Based on many of the early volumes in Mom’s cookbook collection I can’t help wondering if, as a young homemaker she wasn’t a bit intimidated by the prospect of entertaining.  Of those books my favourite is Woman’s Home Companion Cook Book, one she regularly pulled basic recipes from. As it was published and revised in the 1940s I except she might have been introduced to it through a Home Economics class in school. And even though there are a plethora of really useful recipes, the chapter on Table Setting and Decoration is terrifying!

home comp

From the opening text, “….but remember that you are just as much a hostess in your own family as though you were entertaining guests, and you owe it to them to have  your daily meals nicely served and as attractive as you can make them.  If you follow this course day by day, giving a party presents few added difficulties….a charmingly set table, food well cooked and temptingly presented and above all a serene unworried hostess.”  This followed by pages of illustrations for proper table settings and two sections on serving “With and Without a Maid” – “If you are so fortunate as to have a well-trained maid your role is an easy one. But it is the hostess without skilled help, who still manages to entertain with grace and distinction, who is the everlasting envy of her friends”.

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If this book was my guide I wouldn’t have entertained much either! But when Mom did entertain she was a most gracious and welcoming host.  It’s a trait I try to emulate at every opportunity – and without a maid!

 

 

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I’m endlessly intrigued by the number of casserole recipes that appear in our family file like this one courtesy of Jackie Eddy, who was the Food Editor of the Edmonton Sun through the 1980s.  It’s a great example of what inspired Mom, who was a master at combining disparate items into a  tasty meal that could, conceivably last for days.

Mom being of the post-Depression generation was always aware, either consciously or not, of the need to make food “go as far as possible”. She learned some valuable lessons from my grandma about extending the more expensive proteins in a meal with less expensive “filler”. And she was a homemaker during a time when the modern casserole was the mainstay of a busy household.  There weren’t many school events, team practices, committee meetings or family get-togethers that didn’t feature a variety of casseroles. And why not? They can be prepared well in advance and then be transported and re-heated with ease.  Interestingly,  many of the recipes have been updated in Mom’s handwriting with “healthier” substitutions for the canned soups that so often made an appearance.  Healthier is a somewhat loose term as the substitutions are more often than not canned veggies.  But she was trying!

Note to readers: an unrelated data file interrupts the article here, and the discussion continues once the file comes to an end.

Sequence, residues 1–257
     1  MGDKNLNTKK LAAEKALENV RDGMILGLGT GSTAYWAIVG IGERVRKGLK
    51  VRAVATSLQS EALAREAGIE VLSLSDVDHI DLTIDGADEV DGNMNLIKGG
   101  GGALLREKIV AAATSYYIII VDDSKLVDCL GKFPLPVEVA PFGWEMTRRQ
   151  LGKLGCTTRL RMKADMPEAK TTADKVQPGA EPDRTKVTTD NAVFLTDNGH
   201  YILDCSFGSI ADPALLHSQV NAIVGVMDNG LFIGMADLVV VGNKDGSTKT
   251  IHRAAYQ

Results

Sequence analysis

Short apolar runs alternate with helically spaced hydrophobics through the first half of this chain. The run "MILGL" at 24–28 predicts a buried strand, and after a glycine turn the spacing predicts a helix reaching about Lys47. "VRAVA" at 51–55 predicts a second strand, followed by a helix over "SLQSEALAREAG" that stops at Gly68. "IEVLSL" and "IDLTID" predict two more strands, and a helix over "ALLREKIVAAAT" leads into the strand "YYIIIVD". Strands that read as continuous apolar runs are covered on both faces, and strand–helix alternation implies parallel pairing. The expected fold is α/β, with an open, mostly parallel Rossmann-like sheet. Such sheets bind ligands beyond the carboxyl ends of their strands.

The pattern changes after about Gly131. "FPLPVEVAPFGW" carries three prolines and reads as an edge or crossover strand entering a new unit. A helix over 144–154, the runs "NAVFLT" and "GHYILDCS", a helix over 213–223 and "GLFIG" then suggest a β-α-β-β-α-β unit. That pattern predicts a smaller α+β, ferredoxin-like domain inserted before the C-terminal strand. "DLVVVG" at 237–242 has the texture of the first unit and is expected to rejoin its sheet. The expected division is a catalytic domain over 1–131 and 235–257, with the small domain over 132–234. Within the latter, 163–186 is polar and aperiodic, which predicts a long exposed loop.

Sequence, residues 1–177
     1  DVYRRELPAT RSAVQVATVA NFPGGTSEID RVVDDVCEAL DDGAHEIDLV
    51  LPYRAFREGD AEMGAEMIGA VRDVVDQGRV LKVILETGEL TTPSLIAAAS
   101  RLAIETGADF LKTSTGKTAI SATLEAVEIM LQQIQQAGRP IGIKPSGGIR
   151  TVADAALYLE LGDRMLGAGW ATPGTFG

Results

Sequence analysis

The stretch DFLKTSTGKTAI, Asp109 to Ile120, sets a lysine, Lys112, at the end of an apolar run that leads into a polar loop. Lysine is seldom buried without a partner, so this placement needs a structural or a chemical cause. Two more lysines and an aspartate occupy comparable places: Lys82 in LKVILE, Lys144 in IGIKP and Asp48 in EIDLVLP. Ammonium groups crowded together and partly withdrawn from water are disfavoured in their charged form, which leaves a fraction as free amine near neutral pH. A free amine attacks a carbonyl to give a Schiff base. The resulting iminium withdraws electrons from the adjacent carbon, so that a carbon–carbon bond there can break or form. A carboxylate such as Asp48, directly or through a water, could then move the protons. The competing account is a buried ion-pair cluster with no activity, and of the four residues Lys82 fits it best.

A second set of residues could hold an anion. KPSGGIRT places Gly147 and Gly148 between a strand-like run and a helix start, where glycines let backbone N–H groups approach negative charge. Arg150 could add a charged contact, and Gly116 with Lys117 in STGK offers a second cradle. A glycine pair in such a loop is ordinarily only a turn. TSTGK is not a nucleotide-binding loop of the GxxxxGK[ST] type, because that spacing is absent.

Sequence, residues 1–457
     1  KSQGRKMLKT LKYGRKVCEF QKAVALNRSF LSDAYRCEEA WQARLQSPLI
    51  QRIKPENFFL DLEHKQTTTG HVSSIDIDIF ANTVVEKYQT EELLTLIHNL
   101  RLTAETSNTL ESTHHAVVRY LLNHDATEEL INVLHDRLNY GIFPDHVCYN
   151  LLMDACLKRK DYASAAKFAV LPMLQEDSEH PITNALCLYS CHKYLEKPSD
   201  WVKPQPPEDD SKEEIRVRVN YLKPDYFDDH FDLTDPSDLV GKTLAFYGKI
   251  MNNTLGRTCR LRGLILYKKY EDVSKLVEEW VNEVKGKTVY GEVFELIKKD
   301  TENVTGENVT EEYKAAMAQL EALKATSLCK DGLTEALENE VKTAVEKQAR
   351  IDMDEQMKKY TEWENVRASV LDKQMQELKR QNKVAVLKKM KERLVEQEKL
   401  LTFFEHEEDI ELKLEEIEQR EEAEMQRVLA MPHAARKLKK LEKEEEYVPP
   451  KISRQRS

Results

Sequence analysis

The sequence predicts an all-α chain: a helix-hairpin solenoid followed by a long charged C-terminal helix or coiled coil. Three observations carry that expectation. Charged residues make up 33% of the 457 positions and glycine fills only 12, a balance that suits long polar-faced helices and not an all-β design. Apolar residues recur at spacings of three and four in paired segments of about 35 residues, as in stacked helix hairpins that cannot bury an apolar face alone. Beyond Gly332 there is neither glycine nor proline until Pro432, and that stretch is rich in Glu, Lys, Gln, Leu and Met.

I don’t remember Mom making a lot of the casserole recipes in the file but they were defiantly the inspiration for casseroles like the one below, a staple in our home for many years. It was a family favourite that was Mom’s version of a recipe from an old, long-gone magazine article. It was also re-done by the Best of Bridge ladies in one of their books as I recall.  It’s definitely a tasty one!

Sat Night

 

 

 

air buns

A bit of clarification to help you read through the “dried dough” on the paper – the recipe reads – 1 tsp sugar, 4 eggs well-beaten, 2 tsps salt  and 2 1/2 cups warm water.

For me, these wonderful, yeasty buns are the true definition of a Holmwood recipe. It’s relatively foolproof and one that I could experiment with at a fairly young age – and did on a few occasions while at the lake during the summer months.

The recipe came through my Aunt Liz’s family, usually credited to her Aunt Jenny. This version of the recipe is written in my hand copied from the original. The recipe is designed to have the dough rise over a long period of time, usually overnight as it’s name suggests. I remember looking forward all day to the dough making process and then the anticipation for what we’d find in the morning – which was always beautifully risen balls of dough ready to be glazed with melted butter and baked. I have very fond memories of making this recipe with my Uncle Bill. As he was a teacher at the time I expect there may have been a bit of a science lesson included! Regardless, it was a lot of fun.

Aside from the tasty buns resulting from this recipe, the stationery it’s written on has a story all of it’s own. It’s one of the things I enjoy most about the family recipe files.